It comes to a climax with a one-liner in the last verse.  "Be perfect as your heavenly Father is perfect."  That is not a plea for an unattinable perfectionism that can become an obsession.  It is a challenge to leave no part of our lives untouched by the Gospel of Christ and the love of neighbour.  Be whole and complete people in your commitment to Christ, leave no part of your lives untouched by his Spirit.  The word 'perfect' is a similar word to the one Jesus uses from the cross, the last of those sayings we had quoted in the Garden of Gethsemane.  It is finished.

It is as if Jesus is saying, keep going in this Christian faith, until you come to the point at which you too can say with your dying breath, it is finished, it is accomplished, it is completed.

This is the Kingdom to be part of!

We went round to enjoy freshly squeezed orange juice from a stall whose business had been squeezed almost out of existence by new dining arrangments in a recenly opened car park.  Joanne wanted us to support him, just as we had done last year!

Then we went on a wonderful ride round the whole of the Sea of Galilee.

It was time to test the geology I had read about.

And it was just asI had expected!

The area around Capernaum with a great deal of volcanic activity in the distant past is richly fertile, making it the only part of the countryside around the Sea of Galilee that fits the kind of mountain top envisaged in Matthew 5, the kind of parables spoken in Mark 4.

Over the Jordan and on to the Syrian side of the Sea, the Golan Heights now occupied by Israel, and the terrain changes completely.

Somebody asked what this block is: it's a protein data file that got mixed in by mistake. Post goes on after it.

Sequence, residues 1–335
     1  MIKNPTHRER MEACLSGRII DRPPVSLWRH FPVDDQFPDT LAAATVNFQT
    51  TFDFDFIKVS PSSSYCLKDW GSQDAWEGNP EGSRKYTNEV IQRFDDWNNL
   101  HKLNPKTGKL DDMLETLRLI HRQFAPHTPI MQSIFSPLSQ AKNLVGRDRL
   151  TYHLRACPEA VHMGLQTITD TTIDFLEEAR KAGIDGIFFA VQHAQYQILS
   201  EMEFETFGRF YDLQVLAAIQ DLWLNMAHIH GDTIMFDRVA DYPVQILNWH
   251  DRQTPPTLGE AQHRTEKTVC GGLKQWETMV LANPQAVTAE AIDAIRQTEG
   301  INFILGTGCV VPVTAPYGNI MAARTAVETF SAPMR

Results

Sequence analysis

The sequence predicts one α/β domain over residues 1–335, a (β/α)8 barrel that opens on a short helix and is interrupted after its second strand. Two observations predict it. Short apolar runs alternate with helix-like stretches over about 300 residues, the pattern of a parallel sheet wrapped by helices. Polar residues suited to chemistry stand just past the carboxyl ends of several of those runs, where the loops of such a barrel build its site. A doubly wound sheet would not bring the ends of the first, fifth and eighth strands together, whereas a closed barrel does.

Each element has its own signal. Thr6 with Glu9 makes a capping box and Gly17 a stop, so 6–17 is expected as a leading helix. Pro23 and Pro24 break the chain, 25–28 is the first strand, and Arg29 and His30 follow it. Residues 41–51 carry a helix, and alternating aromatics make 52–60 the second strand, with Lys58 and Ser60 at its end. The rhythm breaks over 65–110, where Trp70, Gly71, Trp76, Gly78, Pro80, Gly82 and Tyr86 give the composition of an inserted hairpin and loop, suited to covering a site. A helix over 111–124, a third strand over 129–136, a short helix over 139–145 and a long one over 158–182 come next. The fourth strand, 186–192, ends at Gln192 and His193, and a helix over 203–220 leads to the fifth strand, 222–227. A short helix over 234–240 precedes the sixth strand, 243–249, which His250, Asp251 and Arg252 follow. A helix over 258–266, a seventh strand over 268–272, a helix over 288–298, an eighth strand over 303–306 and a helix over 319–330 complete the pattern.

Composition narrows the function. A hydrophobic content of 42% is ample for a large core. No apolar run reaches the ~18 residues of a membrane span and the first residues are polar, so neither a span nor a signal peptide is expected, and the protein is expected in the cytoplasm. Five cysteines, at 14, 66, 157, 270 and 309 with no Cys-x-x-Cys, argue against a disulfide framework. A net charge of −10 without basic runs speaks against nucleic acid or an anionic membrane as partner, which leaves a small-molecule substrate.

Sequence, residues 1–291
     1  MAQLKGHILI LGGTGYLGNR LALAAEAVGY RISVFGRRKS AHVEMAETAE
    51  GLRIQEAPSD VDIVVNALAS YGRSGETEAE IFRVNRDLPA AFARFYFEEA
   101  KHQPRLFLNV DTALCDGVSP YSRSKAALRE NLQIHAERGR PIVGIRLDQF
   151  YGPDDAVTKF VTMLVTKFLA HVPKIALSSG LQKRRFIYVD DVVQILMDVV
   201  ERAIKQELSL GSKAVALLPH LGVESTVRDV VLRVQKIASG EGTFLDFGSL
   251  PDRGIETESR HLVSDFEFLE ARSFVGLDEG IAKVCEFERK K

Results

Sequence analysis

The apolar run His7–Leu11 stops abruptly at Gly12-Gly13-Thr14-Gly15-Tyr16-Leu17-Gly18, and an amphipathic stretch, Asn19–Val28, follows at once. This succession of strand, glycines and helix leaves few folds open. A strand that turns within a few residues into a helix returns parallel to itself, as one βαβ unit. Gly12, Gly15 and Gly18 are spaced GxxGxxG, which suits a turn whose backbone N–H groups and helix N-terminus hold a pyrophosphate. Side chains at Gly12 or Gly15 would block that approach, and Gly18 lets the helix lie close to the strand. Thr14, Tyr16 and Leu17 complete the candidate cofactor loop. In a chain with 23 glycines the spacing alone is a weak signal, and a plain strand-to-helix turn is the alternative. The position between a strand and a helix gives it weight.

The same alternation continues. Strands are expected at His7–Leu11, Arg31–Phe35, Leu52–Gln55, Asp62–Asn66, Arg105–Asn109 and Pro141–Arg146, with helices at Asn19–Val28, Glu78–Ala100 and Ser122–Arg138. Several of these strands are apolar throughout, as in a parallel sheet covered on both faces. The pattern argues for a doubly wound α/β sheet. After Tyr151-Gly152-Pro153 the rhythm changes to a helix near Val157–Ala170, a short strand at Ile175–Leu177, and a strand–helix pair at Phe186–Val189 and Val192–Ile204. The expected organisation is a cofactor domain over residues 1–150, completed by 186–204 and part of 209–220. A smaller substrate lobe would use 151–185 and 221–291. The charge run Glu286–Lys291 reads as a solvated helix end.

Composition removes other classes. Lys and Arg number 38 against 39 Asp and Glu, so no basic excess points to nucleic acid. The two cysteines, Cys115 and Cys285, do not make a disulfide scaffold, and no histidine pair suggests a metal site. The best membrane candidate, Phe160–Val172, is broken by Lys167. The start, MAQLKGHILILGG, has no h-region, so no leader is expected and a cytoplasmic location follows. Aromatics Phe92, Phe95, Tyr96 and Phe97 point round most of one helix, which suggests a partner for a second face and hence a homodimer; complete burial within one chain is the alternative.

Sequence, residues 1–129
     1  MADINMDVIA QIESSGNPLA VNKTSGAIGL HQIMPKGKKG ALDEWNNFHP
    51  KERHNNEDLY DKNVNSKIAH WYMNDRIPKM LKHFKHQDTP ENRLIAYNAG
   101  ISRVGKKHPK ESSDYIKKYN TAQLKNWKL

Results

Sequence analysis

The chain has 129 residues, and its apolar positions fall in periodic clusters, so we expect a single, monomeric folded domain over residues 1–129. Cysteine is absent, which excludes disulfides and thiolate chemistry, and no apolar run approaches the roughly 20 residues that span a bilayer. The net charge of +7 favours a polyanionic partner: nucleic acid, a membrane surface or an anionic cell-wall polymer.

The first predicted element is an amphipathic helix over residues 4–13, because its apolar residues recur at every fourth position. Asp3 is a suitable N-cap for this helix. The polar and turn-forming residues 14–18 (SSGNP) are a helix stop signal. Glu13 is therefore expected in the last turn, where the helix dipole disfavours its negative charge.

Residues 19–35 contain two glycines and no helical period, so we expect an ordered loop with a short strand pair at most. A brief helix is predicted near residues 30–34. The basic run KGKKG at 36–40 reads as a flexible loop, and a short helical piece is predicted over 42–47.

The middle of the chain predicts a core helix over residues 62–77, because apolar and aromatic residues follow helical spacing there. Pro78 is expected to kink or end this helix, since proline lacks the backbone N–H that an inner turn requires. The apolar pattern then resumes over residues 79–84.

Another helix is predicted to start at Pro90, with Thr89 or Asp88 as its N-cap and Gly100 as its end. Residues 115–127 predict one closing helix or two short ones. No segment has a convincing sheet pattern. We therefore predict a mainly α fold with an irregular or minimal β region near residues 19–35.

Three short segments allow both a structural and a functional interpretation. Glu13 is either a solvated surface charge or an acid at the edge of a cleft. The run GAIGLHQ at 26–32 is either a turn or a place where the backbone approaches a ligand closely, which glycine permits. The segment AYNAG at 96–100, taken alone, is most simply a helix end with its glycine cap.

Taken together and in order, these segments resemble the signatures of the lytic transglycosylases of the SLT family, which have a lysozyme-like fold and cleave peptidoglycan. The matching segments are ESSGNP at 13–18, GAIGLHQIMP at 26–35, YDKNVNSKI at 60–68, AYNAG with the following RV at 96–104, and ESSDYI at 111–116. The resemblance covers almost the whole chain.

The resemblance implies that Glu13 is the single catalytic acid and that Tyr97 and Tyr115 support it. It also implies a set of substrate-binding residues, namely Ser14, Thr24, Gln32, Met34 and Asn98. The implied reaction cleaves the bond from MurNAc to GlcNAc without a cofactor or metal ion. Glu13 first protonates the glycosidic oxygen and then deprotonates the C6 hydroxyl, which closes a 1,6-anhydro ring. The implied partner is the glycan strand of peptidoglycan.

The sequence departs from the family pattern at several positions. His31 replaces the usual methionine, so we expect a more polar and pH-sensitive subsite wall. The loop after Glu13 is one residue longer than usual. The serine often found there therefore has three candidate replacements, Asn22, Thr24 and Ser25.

We have moved from the African Tectonic plate to the west of the Jordan valley over to the Arabian Tectonic plate on the Eastern side.  And it was so different.  The very different, sandier rocks, plunged down into the sea.  They had more of a desert appearance to them, having moved up from the deserts of further south.

We started around Capernaum in what would have been Herod Antipas's Galilee.  As we crossed the Jordan we crossed over into the Gaulanitus that was controlled by another of Herod the Great's sons, Philip.

Before long we crossed over into the Decapolis, the Gentile territory, where we briefly marked the feeding of the 4000 and the gathering of 7 baskedt of left-overs.  Then we stopped at teh foot of the cliffs to read the story of the Gadarene swine.

It's Ched Myers, in his commentary on Mark Binding the Strong Man, who makes a great dal of the political significance of this miracle.  Not only does it have something to say in the context of Jesus' ministry, but it also has something to say to teh church community Mark was writing for, maybe the Galilean community based in that house church we had visited in Capernaum.  In the mid 60's it was a small community trying to hold its own in following the Jesus way.  War was coming closer as Jewish rebels took Jerusalem and the Roman legionaries prepared to march down from Syria past Capernaum to re-take and sack Jerusalem.

Hold on to Christ's way for he will cleanse the Legions of their evil force, and will remove the threat to health and well being they pose.

It is powerful stuff that speaks straight to today's situation.

We travelled down to the southernmost end of the Sea and over the Jordan back on to the African Tectonic Plate and our by now familiar Limestone ridge.  At this point we returned to the Galilee of Herod Antipas.

We caught a glimpse of the baptisms going on in the baptismal theme park just where the Jordan leaves the Sea of Galilee.

It had been more exciting to have passed the site of John the Baptist's wilderness baptisms in the Judaean wilderness earlier.

We arrrived back at Tiberias in time for an ice cream on the front, dinner and a lovely evening back down on the 'promenade'.

No comments:

Post a Comment